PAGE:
August 2020 Featured Article

The Wee Thoughts

The first thoughts of my first literary “baby” was much like planning for the addition of a baby to a family. The hours, days, months, and sometimes years in my case before the birth of a child. It was six years for us. The commitment to a child is humongous and permanent. I now have adult children and the continuous cord is not broken. Either no one ever told me, or I didn’t listen to the warning that having a child is forever! I love it, though.

A novel shares some of the birthing characteristics of humans. The wee thoughts for my first novel began as dreams and questions. What? Historical Fiction. Who? Elizabeth and Louis. When? 1770s. Where? Charles Town, S.C. How? Write, just write, and then figure it out. Why? A heartfelt urge, a longing, a desire, write because I can’t not write.  See the connections? I asked all of these questions before I had children. As with parenting, I had no idea how to write and then publish a novel, yet I did it, depending on God and others to show me the way. It would take too long to list the people who encouraged me and directed and redirected me on this journey. Like bringing a child into adulthood, I have a feeling the publishing and marketing and even writing process will forever change. I will never learn it all.

The Birth 

The idea of a book became a 90,000 word manuscript. Hold Me Close, then Surround Me, existed in infant form, resting as so many pages of paper. I wrote three more books, joining my growing family. I did all of this when my own children left the nest for college. Now, after four published novels, they have morphed into mature forms compared to before.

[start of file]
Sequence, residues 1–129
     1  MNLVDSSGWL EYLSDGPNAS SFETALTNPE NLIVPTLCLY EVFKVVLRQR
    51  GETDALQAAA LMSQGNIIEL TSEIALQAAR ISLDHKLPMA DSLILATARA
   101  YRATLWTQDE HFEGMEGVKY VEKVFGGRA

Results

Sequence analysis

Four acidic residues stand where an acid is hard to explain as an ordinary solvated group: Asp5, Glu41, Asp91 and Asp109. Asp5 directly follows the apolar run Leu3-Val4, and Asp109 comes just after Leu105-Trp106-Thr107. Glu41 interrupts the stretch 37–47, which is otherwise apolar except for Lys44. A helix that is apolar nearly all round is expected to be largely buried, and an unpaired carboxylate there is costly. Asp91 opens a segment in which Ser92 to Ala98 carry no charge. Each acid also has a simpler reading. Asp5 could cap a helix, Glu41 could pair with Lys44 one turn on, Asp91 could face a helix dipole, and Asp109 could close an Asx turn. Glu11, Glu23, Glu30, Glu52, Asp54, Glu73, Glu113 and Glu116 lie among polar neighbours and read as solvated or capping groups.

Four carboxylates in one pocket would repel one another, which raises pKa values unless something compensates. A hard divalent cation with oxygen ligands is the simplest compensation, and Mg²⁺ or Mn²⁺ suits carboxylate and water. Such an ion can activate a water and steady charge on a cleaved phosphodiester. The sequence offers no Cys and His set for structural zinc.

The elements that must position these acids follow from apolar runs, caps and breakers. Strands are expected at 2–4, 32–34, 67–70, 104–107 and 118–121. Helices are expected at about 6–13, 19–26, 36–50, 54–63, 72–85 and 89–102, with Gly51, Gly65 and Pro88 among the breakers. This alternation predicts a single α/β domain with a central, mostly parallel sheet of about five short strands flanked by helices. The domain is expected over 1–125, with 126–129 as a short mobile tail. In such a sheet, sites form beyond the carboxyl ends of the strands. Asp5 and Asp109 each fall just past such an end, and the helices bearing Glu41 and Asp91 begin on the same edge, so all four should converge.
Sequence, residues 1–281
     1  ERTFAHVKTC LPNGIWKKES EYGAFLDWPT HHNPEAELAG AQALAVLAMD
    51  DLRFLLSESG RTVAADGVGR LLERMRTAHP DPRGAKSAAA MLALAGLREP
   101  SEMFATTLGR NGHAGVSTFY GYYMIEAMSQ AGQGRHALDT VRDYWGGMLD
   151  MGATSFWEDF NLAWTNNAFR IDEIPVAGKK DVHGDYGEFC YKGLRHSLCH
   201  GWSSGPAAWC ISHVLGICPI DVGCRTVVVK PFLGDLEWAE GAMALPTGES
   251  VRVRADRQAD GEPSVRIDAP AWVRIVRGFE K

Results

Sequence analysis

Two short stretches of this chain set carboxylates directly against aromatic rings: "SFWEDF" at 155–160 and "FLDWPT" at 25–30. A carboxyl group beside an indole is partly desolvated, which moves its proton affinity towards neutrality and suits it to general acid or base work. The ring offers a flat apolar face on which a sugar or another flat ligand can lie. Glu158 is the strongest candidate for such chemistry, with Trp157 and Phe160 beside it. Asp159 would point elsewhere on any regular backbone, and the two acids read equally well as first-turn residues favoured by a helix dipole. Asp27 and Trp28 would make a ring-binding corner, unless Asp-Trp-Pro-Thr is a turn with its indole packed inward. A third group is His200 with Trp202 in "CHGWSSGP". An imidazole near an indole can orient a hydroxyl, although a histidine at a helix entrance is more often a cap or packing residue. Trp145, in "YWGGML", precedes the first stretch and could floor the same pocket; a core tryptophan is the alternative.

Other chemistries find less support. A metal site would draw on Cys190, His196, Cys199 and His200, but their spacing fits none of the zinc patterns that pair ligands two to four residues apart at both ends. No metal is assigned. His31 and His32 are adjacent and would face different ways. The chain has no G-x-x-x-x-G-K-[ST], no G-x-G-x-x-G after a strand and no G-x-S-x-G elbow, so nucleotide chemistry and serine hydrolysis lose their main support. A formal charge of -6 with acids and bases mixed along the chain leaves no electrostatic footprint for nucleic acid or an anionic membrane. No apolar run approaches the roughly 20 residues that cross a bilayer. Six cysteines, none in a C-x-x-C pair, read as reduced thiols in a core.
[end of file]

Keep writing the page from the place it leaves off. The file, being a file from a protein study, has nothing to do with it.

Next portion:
Edited, rewritten, edited, submitted, edited, rewritten, submitted again. Along came awesome professionals to guide my education. Although, my novels would have been all right in their paper/computer form staying at home with me, it was time to move on.

Book One—the first Child

Hold Me Close, Book One in the Revolutionary Faith Series, found a home with Celebrate Lit Publishing in 2018! It has been very happy in its new form.

Here is the backcover:

The leisurely life Louis has intended does not include revolution.

Charles Town, South Carolina, 1772—Louis Lestarjette arrives from France without purpose or plans beyond reconnecting with family and making a profit. Finding the town questioning its alliances, Louis must make decisions about the direction in his life, even though he tries to avoid all political conflict. He wonders if he will be able to stay neutral in a battle for independence. When decisive events confront him, Louis finds himself torn between staying with the woman he loves or escaping the coming conflicts.

Elizabeth Elliott trusts that God will hold her close in uncertain and changing times. Faced with difficult decisions about her loyalties, she finds comfort in close friends, a devout sister, and her music. When the mysterious Frenchman with no commitment to God or Charles Town enters her life, he challenges her role in the political battle. She must decide what actions she can take for the cause, if any at all.

Still attached

As human children remain attached to their parents as they grow, so do authors and their novels. At least I’m still greatly part of the life of Hold Me Close. I’m watching it grow and experiencing the challenges of life in the published world. I’m eagerly waiting to see what God has in store for this child of mine.

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Latest posts by Marguerite Martin Gray